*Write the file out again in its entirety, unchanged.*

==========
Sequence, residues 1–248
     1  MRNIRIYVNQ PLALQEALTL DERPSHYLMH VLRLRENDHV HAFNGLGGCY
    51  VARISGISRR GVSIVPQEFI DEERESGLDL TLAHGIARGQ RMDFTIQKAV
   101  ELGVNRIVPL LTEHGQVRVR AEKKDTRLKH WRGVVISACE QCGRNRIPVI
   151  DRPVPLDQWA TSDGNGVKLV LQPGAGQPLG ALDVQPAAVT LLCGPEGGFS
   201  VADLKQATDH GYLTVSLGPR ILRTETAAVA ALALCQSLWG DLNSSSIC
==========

Sequence, residues 1–248
     1  MRNIRIYVNQ PLALQEALTL DERPSHYLMH VLRLRENDHV HAFNGLGGCY
    51  VARISGISRR GVSIVPQEFI DEERESGLDL TLAHGIARGQ RMDFTIQKAV
   101  ELGVNRIVPL LTEHGQVRVR AEKKDTRLKH WRGVVISACE QCGRNRIPVI
   151  DRPVPLDQWA TSDGNGVKLV LQPGAGQPLG ALDVQPAAVT LLCGPEGGFS
   201  VADLKQATDH GYLTVSLGPR ILRTETAAVA ALALCQSLWG DLNSSSIC